In this introduction, we have summarized a selection of key developments in four scholarly domains that provide justification and rationale for the new journal launch. ICTs, e-learning innovations and information system platforms continue to develop and evolve in the onward march of progress. We hope and expect that learning phenomena will be increasingly identified as important to their study. In this regard, recently, a United Nations report based on 62 expert policy briefs was drafted by 245 scientists and technologists from 27 countries as a result of the Rio + 20 Conference on sustainable development (United Nations, 2016). The report’s chapter 3 proposes that ongoing development of ICT platforms may contribute towards greater “science, technology and innovation literacy” (STI literacy) in the populace and among scientists. The report highlights ways in which STI literacy and development of more sustainable infrastructures may contribute to solutions innovations addressing the main UN-identified “global issues” worldwide, which include climate change, socio-economic, race and gender inequality, etc. (2016). Modestly, we hope that the works published in this journal may contribute in some small way towards the advancement of such solutions, to the extent that ICT, e-learning and information system innovations require and facilitate human learning across the lifespan.

At the same time, when considering learning affordances of ICTs and information systems, we must also recognize that technology developments, and expectations over their uses also contribute to equity gaps, and technology hardware manufacture and their uses also have impacts on the environment, hence the sustainability focus in the UN report. Indeed, the report cautions, “Technology change itself is often not neutral. Instead, it is often biased toward capital and skilled labour and hence has significant distributional effects leading to increased inequality” (p. 42). Therefore, we advocate research approaches demonstrating culturally responsive computing principles supporting e-learning technologies’ adaptivity to the needs of varying learner communities (Ladson-Billings, 1995; Vavrus, 2008; McLoughlin, 1999; Henderson, 1996, 2007; Pinkard, 2001; Lee, 2003; Eisenhart and Edwards, 2004; Goode and Margolis, 2011; Margolis et al., 2012; Eglash et al., 2013; Scott et al., 2015). Such approaches hold equity and social justice as central in computing education research, bringing community contextual concerns directly into the teaching and learning design framework and experiences of participants, holding promise in achieving a more equitable and sustainable socio-technical balance.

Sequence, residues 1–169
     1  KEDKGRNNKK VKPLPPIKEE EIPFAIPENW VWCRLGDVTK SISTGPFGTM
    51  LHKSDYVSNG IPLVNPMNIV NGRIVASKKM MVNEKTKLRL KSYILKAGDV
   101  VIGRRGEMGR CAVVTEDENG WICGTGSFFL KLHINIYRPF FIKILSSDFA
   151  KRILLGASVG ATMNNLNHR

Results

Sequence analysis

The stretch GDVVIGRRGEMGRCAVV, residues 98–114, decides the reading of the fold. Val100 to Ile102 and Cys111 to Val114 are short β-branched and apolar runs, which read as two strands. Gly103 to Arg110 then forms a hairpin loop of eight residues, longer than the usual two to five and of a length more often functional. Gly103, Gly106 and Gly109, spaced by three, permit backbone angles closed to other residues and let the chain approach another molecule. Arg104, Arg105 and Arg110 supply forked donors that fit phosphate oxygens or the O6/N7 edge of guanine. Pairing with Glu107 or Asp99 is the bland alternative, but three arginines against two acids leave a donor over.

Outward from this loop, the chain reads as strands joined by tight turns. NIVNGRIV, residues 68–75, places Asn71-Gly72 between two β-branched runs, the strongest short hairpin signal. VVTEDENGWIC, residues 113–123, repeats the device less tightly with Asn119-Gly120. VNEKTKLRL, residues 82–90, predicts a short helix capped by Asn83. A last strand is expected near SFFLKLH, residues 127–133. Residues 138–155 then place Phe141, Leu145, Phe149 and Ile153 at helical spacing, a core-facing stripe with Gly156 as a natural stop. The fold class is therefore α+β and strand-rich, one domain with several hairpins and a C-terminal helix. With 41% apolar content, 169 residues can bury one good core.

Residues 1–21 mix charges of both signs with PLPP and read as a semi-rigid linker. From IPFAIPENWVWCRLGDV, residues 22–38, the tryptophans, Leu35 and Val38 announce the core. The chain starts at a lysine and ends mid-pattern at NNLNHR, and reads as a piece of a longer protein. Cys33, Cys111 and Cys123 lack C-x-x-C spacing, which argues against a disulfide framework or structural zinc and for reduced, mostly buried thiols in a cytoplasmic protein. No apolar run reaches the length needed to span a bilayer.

Human-centered perspectives. Human-centered perspectives on e-learning design are often a hallmark of learning sciences research which focus on improving upon learning experiences rather than simply replacing older modalities with new ones (Scott et al., 2014; Reynolds and Harel, 2019, forthcoming). At the K-12 level especially, where public education is a mandate, providing evidence-based improvements in computing education becomes an equity issue because new affordances must equal or improve upon accessibility, learning processes and outcomes for public school children over and above the modalities they replace (Collins and Halverson, 2009; Collins, 2017). In this regard, learning sciences scholarship offers key advances in the scientific understanding of scaffolding, and personalizing appropriate levels of structure for diverse learner needs – as individuals and in groups, in context and in situ (Kirschner et al., 2006; Hmelo-Silver et al., 2007; Sweller et al., 2007). Individuals and groups differ in their need for structure; instructional design affordances must account for this (e.g., Worsley and Blikstein, 2013).

For researchers who may be new to integrating learning sciences perspectives, and who wish to explore evidence-based conceptualizations of learning, we recommend as a starting point, a small selection of meta-synthesis works including the National Academies Press (NAP) publications, How people learn (Bransford et al., 1999) and How people learn II: Learners cultures and contexts (National Academies of Sciences, Engineering, and Medicine, 2018), both freely available on the NAP website. The 1999 report summarizes insights on the nature of learning in school-aged children, describes principles for the design of effective learning environments, and provides examples of how such principles can be implemented in the classroom. The later work (2018) expands upon the evidence base, adding categorical findings of scientific understanding of the mechanisms of learning and the role of technologies, and scholarly syntheses on how the brain adapts throughout the lifespan, taking into account a range of influences on learning, particularly the constellation of sociocultural factors and the structure of learning environments. We also recommend perspectives on collaborative lifelong learning among adults in work contexts discussed in depth in Goggins et al. (2013), resulting from workshops at the ACM International Conference on Supporting Group Work (GROUP) and the Computer-Supported Cooperative Work and Social Computing (CSCW) conference, which contributed to this full-length book publication. We recommend a series of meta-syntheses and meta-analyses conducted by leading scholars in the CSCL research domain (Jeong and Hmelo-Silver, 2016; Jeong et al., 2014; Jeong et al., 2016; Jeong and Hmelo-Silver, 2015) as further starting points.